Rated PG (Language, Nudity)

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The Summer of ’83: Fire and Ice

Fante’s Inferno celebrates summer movie-going by revisiting the films of the Summer of ’83.

Fire and Ice

Fire and Ice Movie Poster

Release Date: August 28, 1983

Directed by Ralph Bakshi; Screenplay by Roy Thomas and Gerry Conway based on characters created by Ralph Bakshi and Frank Frazetta

Starring Randy Norton, Cynthia Leake, Steve Sandor, Sean Hannon, Susan Tyrell, Maggie Roswell, Stephen Mendel

It’s fitting that I’m winding down my retrospective on the films of the Summer of ’83 with Fire and Ice because it was the last film I saw in theaters as that summer ended.  With that screening in the final week of August 1983, two and a half months of movies, comic books, video games and hanging out with friends segued into to the beginning of the upcoming school year.  Watching Fire and Ice again this past weekend not only brought back the memory of that last week of summer vacation, but also how the film and Frank Frazetta’s artwork influenced me at the time.

The film is about the war between the evil Queen Juliana of Icepeak and King Jerol of Firekeep.  Juliana and her son Nekron cover the earth with a wave of glaciers, decimating Jerol’s army as it inches closer to overtaking Firekeep.  Juliana and Nekron send a delegation to Firekeep under the guise of eliciting Jerol’s surrender, but kidnap his daughter Teegra in order to force her into a marriage with Nekron.  Teegra escapes from her captors and meets Larn, a survivor from Jerol’s army.  Teegra is recaptured by Juliana and Nekron’s sub-humans, and Larn attempts to rescue her from Icepeak with the help of Darkwolf.

There’s surprisingly little dialogue in the film’s 81 minutes, but the action is non-stop.  Fire and Ice gives life to the fantasy worlds depicted in Frank Frazetta’s incredible paintings (in one shot in the film, Darkwolf is reminiscent of Frazetta’s iconic painting of the Death Dealer), and the animation techniques used in of Fire and Ice blew me away back in 1983.  All of the character action was rotoscoped – live action was filmed, then each frame traced onto animation cels, lending a more “realistic” effect to the animation.  This film is one of the reasons I still prefer hand-drawn animation over today’s computer generated animation, and I enjoyed watching The Making of Fire and Ice for the parts of the behind-the-scenes film that show the process of rotoscoping as Bakshi directed live actors in the scenes that would be traced for the final animated sequences.

Watching it again made me wonder why Bakshi et al didn’t include more scenes with Darkwolf.  Each of his scenes brought out more of the Frazetta-esque feel, heightening the action and excitement of the film, especially going into the final battle at Icepeak.  The character of Teegra is drawn in the classic Frazetta style seen on many a fantasy novel cover.  Watching Fire and Ice this past weekend, I laughed when I remembered that during my second screening of the film in August 1983 the projectionist intentionally made one scene between Teegra and Larn out of focus because my friend Rob and I were the only people in the audience and he didn’t think it was appropriate for two eleven year olds to watch.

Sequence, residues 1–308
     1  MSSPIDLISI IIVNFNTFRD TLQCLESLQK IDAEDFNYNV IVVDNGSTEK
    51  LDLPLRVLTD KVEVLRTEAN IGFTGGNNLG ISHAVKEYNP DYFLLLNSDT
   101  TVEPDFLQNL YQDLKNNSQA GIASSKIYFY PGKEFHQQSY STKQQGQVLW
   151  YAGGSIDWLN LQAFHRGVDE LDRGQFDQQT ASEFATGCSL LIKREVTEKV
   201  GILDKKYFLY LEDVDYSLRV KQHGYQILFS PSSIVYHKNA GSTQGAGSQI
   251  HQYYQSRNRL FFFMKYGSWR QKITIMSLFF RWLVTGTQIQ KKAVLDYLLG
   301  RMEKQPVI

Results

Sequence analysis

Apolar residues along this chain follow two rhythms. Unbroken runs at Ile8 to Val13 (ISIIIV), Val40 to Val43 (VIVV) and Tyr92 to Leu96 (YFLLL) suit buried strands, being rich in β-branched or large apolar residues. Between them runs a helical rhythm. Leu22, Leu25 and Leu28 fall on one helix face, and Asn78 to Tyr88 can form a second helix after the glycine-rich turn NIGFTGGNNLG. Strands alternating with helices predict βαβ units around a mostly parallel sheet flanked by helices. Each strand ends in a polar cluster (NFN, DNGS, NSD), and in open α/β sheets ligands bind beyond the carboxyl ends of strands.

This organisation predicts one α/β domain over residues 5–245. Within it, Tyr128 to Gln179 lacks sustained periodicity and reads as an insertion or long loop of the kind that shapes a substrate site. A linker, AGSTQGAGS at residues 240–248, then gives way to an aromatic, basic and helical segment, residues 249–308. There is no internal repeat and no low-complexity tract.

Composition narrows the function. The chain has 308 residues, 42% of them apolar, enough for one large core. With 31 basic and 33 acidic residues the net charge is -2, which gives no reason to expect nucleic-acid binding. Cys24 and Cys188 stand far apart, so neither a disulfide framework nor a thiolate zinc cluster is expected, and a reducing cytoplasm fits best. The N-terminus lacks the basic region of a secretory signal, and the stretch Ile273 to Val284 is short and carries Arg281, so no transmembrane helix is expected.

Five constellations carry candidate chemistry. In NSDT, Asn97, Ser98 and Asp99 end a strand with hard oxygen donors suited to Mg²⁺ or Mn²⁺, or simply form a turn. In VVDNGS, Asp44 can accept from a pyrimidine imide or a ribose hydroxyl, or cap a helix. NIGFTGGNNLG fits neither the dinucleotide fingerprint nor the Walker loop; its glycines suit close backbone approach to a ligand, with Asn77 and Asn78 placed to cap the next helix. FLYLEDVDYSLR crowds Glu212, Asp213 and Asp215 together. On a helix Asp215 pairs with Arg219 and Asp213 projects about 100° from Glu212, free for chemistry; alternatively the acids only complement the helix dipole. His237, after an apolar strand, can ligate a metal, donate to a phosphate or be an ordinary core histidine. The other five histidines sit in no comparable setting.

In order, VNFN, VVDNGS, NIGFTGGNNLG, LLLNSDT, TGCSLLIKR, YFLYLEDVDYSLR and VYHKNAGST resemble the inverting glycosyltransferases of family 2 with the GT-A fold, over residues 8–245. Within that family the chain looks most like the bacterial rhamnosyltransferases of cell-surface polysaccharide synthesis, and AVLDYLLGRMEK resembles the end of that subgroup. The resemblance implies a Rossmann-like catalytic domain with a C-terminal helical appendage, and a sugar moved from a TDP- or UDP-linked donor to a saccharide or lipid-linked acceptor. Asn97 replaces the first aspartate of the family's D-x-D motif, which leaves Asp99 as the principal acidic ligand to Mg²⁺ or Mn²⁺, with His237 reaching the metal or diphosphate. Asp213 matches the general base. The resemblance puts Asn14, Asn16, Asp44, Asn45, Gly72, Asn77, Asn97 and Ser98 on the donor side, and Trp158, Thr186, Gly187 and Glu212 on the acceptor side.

I was impressed at the level of talent involved in Fire and Ice’s production: director Ralph Bakshi had a strong track record of films prior to Fire and Ice (Fritz the Cat, Wizards, American Pop, The Lord of the Rings, Heavy Traffic, Hey Good Lookin’), Frank Frazetta was the absolute master of fantasy art, and writers Roy Thomas and Gerry Conway had written great comic book stories for Marvel and DC.  But the names that truly surprised me in my research were those of two of the film’s background painters: James Gurney (Dinotopia) and Thomas Kinkade.

The August 1983 release of Fire and Ice also coincided with my first attempts at picking up a paint brush.  My two favorite paintings by that time were Michelangelo’s Sistine Chapel and Frank Frazetta’s The Silver Warrior.  My weekly routine included checking out the fantasy and science fiction sections of our local Waldenbooks, and it’s safe to say most of my paperback book purchases were based on the cover paintings more often than by the author or story.  I can’t imagine how many hours of the Summer of ’83 I devoted to buying art supplies at the old Larchmont Art Shop and sitting at my drawing table with a set of acrylics and canvas boards trying to copy the works of Frank Frazetta and Bill Sinkiewicz in the hopes of one day painting covers to fantasy novels and comic books.  What I would give to relive one of those carefree summer days again.

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The Summer of ’83: Krull

Fante’s Inferno celebrates summer movie-going by revisiting the films of the Summer of 1983.

Krull

Krull Movie Poster

Release Date: July 26, 1983

Directed by Peter Yates; Screenplay by Stanford Sherman

Starring: Ken Marshall, Lysette Anthony, Freddie Jones, Alun Armstrong, John Welsh, Liam Neeson, Robbie Coltrane

This is a review that I’ve been looking forward to since I began this retrospective on the films of the Summer of ’83, but not for the reasons you would expect.  Most of my reviews involve revisiting films I enjoyed or may have missed in the theaters upon their initial release 30+ years ago to see if they still hold up, but back when Krull first hit theaters on July 26, 1983 I distinctly remember not enjoying  it.